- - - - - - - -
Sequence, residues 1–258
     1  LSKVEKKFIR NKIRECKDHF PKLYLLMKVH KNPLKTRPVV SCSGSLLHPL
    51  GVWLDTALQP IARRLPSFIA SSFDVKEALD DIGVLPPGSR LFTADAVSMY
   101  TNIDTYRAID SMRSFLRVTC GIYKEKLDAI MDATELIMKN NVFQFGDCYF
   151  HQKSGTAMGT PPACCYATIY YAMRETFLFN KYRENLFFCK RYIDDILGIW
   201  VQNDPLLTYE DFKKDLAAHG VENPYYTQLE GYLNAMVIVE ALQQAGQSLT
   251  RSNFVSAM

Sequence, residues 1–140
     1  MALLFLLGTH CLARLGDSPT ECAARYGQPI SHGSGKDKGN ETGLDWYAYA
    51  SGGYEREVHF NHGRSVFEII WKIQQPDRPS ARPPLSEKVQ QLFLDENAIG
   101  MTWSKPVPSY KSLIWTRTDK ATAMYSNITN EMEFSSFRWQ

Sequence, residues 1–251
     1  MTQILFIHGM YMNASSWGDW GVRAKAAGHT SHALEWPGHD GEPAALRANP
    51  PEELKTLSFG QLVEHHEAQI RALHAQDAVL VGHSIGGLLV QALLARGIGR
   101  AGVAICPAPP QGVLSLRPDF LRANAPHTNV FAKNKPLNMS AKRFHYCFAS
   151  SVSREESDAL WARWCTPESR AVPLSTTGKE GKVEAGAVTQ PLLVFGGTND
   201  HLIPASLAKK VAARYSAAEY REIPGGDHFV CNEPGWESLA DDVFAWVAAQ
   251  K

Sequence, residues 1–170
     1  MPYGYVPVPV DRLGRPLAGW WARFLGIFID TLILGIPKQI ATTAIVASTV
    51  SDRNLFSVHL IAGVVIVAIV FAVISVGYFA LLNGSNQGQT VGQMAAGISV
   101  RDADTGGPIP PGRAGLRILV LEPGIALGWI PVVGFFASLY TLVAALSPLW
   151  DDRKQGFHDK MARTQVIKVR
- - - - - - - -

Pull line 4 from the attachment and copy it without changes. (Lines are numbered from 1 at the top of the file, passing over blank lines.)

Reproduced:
   101  TNIDTYRAID SMRSFLRVTC GIYKEKLDAI MDATELIMKN NVFQFGDCYF